The ongoing blow out in Libor-OIS is having defined and adverse consequences on both dollar funding and hedging costs.

This alone will have a severe impact on foreign banks, because as DB wrote recently,

"the rise in dollar funding costs will damage the profitability of hedged investing and lending by [foreign] financial institutions. Most of the bond investors we have talked with shared a strong interest (and concern) in this topic."

However, the most immediate consequence is that it is now more economical for Japanese investors to buy 30Y JGBs, with their paltry nominal yields, than to purchase FX-hedged 30Y US Treasuries which as of this moment yield less than matched Japanese securities. The same logic can be applied to German Bunds, as the calculus has made it increasingly unattractive for European investors to buy FX_hedged Treasuries.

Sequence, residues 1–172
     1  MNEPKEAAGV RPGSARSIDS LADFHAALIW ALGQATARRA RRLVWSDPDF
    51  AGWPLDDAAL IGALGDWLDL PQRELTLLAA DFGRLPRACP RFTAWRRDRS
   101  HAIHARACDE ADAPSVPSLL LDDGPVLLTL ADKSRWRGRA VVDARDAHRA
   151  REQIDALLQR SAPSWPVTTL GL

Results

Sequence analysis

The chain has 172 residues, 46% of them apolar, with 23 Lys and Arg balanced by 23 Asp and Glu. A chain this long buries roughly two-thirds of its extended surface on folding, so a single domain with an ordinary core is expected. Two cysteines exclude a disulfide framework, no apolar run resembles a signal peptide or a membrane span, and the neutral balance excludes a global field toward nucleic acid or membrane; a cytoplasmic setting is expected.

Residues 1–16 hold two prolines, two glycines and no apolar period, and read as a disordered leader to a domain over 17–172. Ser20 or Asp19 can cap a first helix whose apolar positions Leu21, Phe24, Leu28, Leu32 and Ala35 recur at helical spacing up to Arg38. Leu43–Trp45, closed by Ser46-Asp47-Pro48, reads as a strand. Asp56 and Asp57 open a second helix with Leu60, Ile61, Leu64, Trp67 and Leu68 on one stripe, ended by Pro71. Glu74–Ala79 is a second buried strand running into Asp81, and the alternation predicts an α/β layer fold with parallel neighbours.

It's not just rates: the consequences of rising dollar funding costs will eventually impact every aspect of the fixed income market, even if simply taken in isolation due to the ongoing spike in 3M Libor which still is the benchmark reference rate for hundreds of trillions in floating-rate debt!